(AFP) – Weak rays of early morning sun seep through the smoke rising from smouldering piles of dried dung, keeping flies away from the precious cattle.
Children instinctively reach down for the white ash, a natural mosquito repellent, and rub it on their skin as women set to milking and men prepare for a long day seeking pasture at the peak of the dry season.
The passing of centuries seems to have changed little in the ebb and flow of life for herders in remote South Sudan, whose cattle serve as a bank account and play a core role in every aspect of life.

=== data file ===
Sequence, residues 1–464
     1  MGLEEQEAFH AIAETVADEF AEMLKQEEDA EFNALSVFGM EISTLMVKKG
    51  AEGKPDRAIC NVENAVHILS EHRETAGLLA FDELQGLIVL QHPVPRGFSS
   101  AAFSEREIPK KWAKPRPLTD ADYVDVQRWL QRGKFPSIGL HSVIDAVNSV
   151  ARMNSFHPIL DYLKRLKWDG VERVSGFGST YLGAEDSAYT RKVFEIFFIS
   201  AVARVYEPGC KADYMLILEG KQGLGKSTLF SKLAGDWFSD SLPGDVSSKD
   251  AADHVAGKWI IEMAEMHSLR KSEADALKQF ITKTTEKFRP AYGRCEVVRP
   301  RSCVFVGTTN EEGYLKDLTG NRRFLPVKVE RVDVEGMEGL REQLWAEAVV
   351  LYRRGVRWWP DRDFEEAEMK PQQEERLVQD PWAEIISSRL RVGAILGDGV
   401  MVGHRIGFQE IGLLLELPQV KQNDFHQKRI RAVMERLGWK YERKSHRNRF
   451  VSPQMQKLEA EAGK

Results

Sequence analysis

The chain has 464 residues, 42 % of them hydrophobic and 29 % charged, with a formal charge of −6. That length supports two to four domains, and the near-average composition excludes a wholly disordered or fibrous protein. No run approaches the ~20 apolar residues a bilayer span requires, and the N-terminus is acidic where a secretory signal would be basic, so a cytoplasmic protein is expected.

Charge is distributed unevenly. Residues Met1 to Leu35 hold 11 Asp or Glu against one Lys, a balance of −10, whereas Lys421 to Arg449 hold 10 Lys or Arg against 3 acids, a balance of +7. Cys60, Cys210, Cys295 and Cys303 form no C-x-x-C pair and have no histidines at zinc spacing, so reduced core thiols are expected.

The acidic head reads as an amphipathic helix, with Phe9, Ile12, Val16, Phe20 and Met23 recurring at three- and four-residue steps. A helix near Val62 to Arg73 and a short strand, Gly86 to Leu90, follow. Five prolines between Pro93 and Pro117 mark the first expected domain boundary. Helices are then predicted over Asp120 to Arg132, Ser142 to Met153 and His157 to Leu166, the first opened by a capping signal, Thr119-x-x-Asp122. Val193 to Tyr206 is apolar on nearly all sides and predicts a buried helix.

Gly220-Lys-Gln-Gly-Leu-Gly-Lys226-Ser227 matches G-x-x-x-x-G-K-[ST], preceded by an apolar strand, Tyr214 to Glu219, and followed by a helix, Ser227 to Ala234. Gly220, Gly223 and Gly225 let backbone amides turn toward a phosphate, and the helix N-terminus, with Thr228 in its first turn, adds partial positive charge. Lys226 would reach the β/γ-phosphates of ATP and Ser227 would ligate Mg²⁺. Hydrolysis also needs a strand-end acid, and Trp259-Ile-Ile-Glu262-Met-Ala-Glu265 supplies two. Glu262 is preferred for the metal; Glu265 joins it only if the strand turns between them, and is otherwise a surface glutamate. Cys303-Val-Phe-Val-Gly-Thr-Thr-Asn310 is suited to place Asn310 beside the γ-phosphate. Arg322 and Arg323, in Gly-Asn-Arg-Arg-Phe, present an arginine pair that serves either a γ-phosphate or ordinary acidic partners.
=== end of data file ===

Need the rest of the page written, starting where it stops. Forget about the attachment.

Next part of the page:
There has, however, been one devastating shift.
Instead of their traditional spears, cowherds now carry automatic rifles that have transformed cattle raids, a generations-old phenomenon, into massacres that have unleashed brutal cycles of vengeance.
“It is good to have a weapon because it helps you to protect the cattle,” said Puk Duoth, 25, a herder from a camp outside the northeastern village of Udier.
While South Sudan’s elites signed a power-sharing truce in September 2018, cattle raids have worsened, highlighting the herculean task required to resolve local conflicts in a society shattered by war.